February is the host to Valentine’s Day, a day where lots of companies have huge spikes in sales to help couples celebrate love. While I can talk at great lengths about all the benefits Amazon Web Services (AWS) has to allow you to elastically respond to those holiday spikes in demand, this blog is focusing on a love story instead.
I was first introduced to Amazon Web Services (AWS) in 2011, but I can't claim that it was love at first sight. Although the core components of Amazon's cloud offering were mostly in place by this time, making it a robust and capable service, I had no experience with the paradigms of cloud computing yet, and failed to truly appreciate what was available to me.
I was looking at AWS in the same way I had looked at all the other hosting providers I had been with in the past. When looking solely at price for performance of the underlying compute resources, Amazon's Elastic Compute Cloud (EC2) could not compare with what was available from the plethora of managed, dedicated server providers that had been flooding the market. So I continued to pay for over-provisioned boxes that took days to order and were always one hardware component failure away from an extended service outage. For the time being, this tunnel vision focused on pricing blinded me from seeing the greater beauty of the complete AWS ecosystem.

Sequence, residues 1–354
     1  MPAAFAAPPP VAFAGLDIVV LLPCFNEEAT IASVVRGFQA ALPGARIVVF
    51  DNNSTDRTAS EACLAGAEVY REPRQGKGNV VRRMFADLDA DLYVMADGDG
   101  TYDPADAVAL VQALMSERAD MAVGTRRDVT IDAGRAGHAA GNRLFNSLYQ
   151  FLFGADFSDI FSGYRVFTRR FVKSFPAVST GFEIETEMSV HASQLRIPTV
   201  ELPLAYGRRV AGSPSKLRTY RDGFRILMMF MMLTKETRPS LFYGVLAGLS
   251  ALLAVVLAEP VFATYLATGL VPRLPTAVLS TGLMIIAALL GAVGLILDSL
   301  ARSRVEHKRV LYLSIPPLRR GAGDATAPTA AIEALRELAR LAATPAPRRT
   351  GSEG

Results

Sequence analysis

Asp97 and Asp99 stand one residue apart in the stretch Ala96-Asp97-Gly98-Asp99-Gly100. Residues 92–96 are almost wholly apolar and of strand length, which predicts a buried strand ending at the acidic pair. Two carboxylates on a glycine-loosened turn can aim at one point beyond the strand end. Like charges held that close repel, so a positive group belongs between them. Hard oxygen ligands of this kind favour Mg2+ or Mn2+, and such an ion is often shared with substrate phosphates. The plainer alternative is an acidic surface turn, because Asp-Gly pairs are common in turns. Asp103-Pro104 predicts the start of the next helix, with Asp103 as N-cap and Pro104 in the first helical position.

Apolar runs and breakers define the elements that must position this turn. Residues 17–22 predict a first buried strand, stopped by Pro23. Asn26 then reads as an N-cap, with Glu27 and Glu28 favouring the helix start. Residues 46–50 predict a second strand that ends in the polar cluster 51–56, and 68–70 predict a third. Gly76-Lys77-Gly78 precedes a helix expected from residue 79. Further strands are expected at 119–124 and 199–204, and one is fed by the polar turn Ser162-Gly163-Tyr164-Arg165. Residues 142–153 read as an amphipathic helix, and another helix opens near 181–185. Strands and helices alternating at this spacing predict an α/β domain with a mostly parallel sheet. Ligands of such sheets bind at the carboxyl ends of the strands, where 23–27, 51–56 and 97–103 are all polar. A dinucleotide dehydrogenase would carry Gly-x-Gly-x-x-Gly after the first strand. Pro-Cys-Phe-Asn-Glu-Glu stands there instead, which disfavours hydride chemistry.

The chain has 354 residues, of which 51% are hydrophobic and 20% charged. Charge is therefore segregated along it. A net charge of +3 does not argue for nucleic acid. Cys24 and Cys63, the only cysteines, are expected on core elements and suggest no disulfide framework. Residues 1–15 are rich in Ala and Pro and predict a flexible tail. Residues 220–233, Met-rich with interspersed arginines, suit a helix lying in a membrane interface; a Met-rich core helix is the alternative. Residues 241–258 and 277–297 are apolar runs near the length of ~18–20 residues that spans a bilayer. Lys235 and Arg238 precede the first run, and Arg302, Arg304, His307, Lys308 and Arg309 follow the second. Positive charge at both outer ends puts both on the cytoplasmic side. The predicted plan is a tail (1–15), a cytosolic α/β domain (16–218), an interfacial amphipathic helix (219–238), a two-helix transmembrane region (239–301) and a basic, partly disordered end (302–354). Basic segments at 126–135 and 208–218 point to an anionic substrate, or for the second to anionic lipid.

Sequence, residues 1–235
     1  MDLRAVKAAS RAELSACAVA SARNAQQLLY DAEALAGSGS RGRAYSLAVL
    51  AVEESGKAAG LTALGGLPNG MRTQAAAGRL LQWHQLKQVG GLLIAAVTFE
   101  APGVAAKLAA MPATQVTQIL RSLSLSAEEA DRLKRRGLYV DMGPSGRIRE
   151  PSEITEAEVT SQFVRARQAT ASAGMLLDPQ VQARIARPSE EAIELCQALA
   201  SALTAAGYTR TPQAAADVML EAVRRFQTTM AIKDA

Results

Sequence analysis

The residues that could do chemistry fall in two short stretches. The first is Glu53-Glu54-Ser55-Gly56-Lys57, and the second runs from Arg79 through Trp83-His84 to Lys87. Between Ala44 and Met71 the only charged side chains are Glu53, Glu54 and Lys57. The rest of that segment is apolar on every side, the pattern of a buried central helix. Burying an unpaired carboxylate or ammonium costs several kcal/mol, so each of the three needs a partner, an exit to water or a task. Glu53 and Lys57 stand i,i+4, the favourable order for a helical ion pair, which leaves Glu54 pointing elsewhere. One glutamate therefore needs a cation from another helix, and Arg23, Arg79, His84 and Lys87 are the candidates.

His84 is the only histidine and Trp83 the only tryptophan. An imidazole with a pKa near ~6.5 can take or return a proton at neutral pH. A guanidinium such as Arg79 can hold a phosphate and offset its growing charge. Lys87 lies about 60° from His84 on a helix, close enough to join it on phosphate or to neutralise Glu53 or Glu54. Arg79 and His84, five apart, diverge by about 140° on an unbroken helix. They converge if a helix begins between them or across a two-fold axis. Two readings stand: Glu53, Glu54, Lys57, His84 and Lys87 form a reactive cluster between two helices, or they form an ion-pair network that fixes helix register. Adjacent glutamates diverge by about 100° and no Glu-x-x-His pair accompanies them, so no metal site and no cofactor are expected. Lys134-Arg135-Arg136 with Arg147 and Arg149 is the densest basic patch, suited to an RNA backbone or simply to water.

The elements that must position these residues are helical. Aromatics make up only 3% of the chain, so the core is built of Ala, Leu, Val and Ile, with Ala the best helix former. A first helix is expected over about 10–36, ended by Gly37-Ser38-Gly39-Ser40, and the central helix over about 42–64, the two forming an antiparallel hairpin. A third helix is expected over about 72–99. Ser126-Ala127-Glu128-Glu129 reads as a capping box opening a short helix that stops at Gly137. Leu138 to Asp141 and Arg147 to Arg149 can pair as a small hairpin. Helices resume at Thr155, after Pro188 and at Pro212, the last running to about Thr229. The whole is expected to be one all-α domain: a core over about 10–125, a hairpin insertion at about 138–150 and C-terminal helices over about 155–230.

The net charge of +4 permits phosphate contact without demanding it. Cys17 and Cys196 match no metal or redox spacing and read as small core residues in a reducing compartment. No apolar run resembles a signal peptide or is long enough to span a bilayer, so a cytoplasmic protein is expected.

Getting to Know Each Other
The hands-on nature of maintaining production environments on bare metal can be exhausting, even if the hardware itself is managed for you. Monitoring uptime, testing and rolling out software updates, configuring and testing your backups, reviewing your server logs to make sure anything unexpected hasn't crept up. Suffering from this daily grind is where I started to recognize the value in some of the supporting AWS managed services, such as Relational Database Service (RDS) and Elastic Load Balancers (ELB), which if used would remove the majority of these tasks from your plate.